Homosexuality in History
Reverend Robert J. Buchanan
Durham, NC 27713 (919) 875-5250
minister at Grace Community
Homosexuality in Ancient Greece
" Greek culture is often promoted as the most accepting of homosexuality. To some extent, this may be true. The Greeks developed a hedonistic attitude toward the human body and sexuality. Although we may think of hedonism as lustful today, Greek philosophers wrote of hedonism in much more glowing terms. They believed that the naked human body, both male and female, was worthy of respect and admiration. They took great pride in the physical form. Public nudity was both tolerated and often encouraged.
The art and statuary of the ancient Greeks reflects this love for the body, particularly the male body. A major negative of this attitude is that those who were handicapped or unattractive children were often left to die, killed, or used in sacrifice to a god. It was not unusual for men to comment on the attractiveness of other men, or for them to express affection for one another. At least part of the reason for this fascination with physical attractiveness and sex is that the Greeks had developed into a culture that had a great deal of leisure time. They were not required to work constantly in order to survive. Blumenfeld and Raymond wrote: “Similarly, the Greek attitude toward sex was, for the most part, value-neutral. …And, though exclusive homosexuality was probably discouraged as a threat to the family, it was widely tolerated both for older men who had children and for younger men prior to marriage.” (Blumenfeld and Raymond 1988, 155)
The Greek military attitude toward homosexuality was that it brought a sense of comradeship. It was often believed that a person would fight harder to protect his unit if that unit included a lover or lovers. This unique form of male bonding is attributed by some to the greatness of the Greek military might. In spite of this encouragement of homosexual practices, the picture is different for those who were exclusively passive at anal sex. They were believed to be polluted, and to have become like women. Therefore, they were expelled from military service as untrustworthy.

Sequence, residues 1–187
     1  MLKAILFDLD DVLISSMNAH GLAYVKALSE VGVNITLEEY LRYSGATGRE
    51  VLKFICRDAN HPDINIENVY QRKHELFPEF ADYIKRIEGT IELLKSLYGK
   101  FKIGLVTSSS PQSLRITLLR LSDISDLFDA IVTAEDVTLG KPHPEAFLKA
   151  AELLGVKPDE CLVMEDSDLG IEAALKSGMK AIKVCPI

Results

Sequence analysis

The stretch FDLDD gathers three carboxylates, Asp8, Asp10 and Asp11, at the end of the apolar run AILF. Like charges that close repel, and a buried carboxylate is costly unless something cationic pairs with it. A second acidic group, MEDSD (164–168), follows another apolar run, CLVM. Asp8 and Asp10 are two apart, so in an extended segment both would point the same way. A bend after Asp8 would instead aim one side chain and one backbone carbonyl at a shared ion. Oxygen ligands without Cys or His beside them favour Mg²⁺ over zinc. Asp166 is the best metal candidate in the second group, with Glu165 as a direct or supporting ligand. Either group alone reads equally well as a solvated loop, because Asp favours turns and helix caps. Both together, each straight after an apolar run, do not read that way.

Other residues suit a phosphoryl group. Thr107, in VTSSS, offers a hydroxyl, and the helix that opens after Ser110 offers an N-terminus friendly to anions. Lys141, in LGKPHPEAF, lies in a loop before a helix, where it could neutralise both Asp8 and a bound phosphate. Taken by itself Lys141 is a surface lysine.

The issue of being exclusively homosexual was extremely difficult. Although the Greeks recognized passion and erotic attraction to both and either sex, they were not tolerant of those who were not also attracted to women. This could very well be due to the recognition that society must be able to reproduce in order to survive. The union of a man and a woman is required to reproduce. “After the age of nineteen or so, the young man was expected to marry and establish a family. Those who did not, or who continued to engage in homosexual relations exclusively, were subject to ridicule, or worse. In addition, exclusive sexual passivity in men was met with criticism and, at times, treated severely. ... rape of a free boy/young man (no such sanctions existed for conduct with slaves) was harshly punished, and male prostitution (again, by citizens) was condemned severely.” (Ibid. 157-158)
Greek society only negatively defined homosexual activity when it was exclusive or related to prostitution by a citizen. In nearly every other instance, homosexual conduct was considered acceptable and practical. It was simply a way of enjoying the beauty and awesomeness of the male bodies that they revered so highly.
The attitude toward the family and education could have also played a role in the attitude toward homosexuality. The family was considered the basis for reproduction. Women were restricted in their sexual activity because they were needed in order to bear children. Men could have sex with either women or men, so long as they met their societal obligation to reproduce. This is probably why exclusive anal sex was prohibited. Catamites could not bear children for their partners.
Fathers were not seen as the primary agent of socialization, and the mothers were often only useful for nursing and caring for children. The state took the greatest amount of responsibility for the child. Education was the responsibility of the teachers and philosophers. Girls were excluded from the education system that was designed to teach boys how to be men. The student was expected to respect and admire his teacher. The teacher was expected to gain the devotion and affection of his student. Therefore, homosexual conduct between a teacher and student was considered a valuable part of the education process. The family, on the other hand, was simply needed for procreation."